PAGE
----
The main reason I switched from a B6 to an A5 was solely because of the size. I was doing daily pages in my B6 and for some time I was happy. Again, here we go with the FOMO. My B6 was pretty chunky and I just wasn’t inspired to use it anymore. Although I wanted to fill in all the pages, what’s the sense in using something just to use it? To be truly productive, you need a system that makes the process easy. So, while I was in the process of setting up my A5 Stalogy to use in July, I decided to jump ship and start new.

Change of Plans

I moved into my A5 Stalogy and I was happy with the change. I even went and jumped into creating a content calendar for the month of June. Then within a week, I decided that it wasn’t working. It wasn’t the size or the weekly layout I created, both of those were fine. The issue was I didn’t have any sections. I had tried to avoid creating any, but I needed division for more clarity. That’s when I decided to move back to discs.

With this I created sections for my personal planning, content calendar, freelance, my podcast, and all my lists. It was easier this way and it helped my brain. To create this I took a part my A5 Stalogy. I know, shocker. I reused the covers in my new system. Still, there was a problem, the paper quality of the Stalogy. The paper is really thin and when I hole punched it, it just didn’t work out. Plus in my other sections I had just used regular computer paper. The system was working, but I wasn’t happy with how messy it all looked.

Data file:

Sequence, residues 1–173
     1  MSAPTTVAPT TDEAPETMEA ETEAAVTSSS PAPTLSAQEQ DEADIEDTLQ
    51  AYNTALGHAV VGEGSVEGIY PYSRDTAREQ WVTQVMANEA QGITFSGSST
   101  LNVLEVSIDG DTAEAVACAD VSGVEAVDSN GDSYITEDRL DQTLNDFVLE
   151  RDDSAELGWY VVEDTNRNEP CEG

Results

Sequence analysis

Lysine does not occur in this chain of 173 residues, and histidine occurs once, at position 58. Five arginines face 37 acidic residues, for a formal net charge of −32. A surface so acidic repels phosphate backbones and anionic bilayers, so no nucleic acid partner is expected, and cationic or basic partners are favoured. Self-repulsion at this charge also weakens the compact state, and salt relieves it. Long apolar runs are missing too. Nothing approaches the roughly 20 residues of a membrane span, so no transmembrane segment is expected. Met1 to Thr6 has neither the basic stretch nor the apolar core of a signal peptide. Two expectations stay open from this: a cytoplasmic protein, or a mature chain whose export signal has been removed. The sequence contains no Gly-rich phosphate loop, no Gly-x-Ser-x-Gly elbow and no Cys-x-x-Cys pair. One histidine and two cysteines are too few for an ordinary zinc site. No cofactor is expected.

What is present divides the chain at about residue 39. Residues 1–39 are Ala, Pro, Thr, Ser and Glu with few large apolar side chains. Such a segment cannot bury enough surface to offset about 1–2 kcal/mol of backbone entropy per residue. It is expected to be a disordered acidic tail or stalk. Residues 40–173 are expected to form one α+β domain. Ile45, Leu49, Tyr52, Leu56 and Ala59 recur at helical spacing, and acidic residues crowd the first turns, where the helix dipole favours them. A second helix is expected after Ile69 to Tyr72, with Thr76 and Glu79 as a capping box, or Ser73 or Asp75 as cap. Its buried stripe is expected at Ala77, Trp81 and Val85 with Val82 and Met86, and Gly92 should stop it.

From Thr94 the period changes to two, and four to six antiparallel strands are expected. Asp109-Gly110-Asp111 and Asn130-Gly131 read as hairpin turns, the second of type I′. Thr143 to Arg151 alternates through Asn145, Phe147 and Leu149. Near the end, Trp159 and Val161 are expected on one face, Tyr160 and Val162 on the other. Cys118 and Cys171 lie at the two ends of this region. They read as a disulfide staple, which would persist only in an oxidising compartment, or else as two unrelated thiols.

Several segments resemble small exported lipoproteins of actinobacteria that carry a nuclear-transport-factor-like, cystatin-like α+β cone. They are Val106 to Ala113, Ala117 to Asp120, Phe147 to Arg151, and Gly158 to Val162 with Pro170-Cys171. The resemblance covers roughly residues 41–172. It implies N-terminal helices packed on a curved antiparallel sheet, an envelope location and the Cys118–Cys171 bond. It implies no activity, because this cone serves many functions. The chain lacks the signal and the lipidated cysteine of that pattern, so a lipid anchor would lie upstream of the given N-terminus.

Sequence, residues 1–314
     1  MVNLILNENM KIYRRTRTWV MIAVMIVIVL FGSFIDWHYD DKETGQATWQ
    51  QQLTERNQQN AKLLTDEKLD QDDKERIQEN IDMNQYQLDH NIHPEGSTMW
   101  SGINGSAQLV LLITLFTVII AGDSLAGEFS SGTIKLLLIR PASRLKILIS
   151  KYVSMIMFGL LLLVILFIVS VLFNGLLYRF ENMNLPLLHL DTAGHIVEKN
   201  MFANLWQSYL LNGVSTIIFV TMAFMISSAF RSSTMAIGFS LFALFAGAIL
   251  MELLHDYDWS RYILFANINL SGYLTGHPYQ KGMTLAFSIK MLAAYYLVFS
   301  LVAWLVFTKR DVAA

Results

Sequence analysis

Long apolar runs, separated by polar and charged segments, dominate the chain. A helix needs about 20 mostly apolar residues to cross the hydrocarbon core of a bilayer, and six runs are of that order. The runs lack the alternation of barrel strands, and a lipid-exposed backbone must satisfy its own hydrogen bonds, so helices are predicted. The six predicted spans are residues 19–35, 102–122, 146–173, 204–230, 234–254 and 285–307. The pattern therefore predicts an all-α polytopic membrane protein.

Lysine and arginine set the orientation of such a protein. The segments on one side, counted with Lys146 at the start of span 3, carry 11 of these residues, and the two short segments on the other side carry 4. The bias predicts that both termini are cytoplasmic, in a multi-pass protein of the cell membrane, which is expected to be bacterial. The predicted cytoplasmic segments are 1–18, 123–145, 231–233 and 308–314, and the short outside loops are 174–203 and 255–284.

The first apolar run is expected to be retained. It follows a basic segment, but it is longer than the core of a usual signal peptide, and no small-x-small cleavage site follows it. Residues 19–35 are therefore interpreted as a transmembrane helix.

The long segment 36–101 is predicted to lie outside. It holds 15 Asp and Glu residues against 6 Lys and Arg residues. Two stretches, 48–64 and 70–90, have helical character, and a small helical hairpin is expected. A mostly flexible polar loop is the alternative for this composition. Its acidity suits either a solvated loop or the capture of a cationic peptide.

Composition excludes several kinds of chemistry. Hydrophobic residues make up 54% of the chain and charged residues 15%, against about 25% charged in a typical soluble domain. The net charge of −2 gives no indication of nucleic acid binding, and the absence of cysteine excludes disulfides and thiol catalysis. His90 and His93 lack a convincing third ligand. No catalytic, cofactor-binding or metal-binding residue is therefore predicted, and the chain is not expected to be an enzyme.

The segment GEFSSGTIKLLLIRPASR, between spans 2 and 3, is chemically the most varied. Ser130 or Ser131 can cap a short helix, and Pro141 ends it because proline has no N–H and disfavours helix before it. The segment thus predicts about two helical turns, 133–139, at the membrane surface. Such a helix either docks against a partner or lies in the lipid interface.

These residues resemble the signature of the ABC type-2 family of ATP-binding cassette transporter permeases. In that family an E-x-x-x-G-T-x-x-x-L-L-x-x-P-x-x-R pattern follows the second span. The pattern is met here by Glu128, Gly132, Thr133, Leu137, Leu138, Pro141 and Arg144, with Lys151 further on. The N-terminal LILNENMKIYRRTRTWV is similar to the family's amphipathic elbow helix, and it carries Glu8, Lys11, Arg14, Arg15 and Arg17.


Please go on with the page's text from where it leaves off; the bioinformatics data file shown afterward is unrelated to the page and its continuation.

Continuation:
So, time for another changed. I ditched the Stalogy and computer paper and went with grid paper. Yes, the Stalogy had a fainter grid line, but I personally don’t mind seeing the grid. Now, all my paper is the same and it’s easy for me to create my weekly spreads.

Interested in making my new planner? Here’s what you’ll need:

  • Discs
  • Cover
  • Grid Paper
  • Tabs for Dividers

Lucky for me,, I had all these items in my stash. I lucked up with the grid paper and got it from my sisters. Hurray for the school year being over. You could really make this planner for less than $10 with these basic products.

My New Lineup 

So, have I finally found planner peace? Planner peace is you being content with whatever planner you’re using. It works for you and only you. It doesn’t have to make sense to anyone else. So, what is in my lineup?

  • Catch all, Half Letter Discbound Planner
  • Budget, Classic Happy Planner – Budget Extension Pack
  • Faith, Mini Faith Happy Planner
  • Mental Health/Wellness, Pocket Traveler’s Notebook
  • Memory Planning, iPad – GoodNotes

As I finish this post, I can honestly say that I am finally content with planner. My everyday planner is what matters. The others in my lineup, I use interchangeably. The most important piece to this system was my catch all.

Still in search of the right planner?

Check out my Planning for 2019 series here